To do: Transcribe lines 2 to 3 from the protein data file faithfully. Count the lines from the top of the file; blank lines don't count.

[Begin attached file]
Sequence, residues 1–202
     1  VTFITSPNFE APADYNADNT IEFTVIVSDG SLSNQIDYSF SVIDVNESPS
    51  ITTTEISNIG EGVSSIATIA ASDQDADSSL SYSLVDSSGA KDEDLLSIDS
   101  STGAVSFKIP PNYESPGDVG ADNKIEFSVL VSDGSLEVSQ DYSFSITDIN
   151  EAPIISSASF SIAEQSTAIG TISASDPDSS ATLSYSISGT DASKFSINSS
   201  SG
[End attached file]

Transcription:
     1  VTFITSPNFE APADYNADNT IEFTVIVSDG SLSNQIDYSF SVIDVNESPS
    51  ITTTEISNIG EGVSSIATIA ASDQDADSSL SYSLVDSSGA KDEDLLSIDS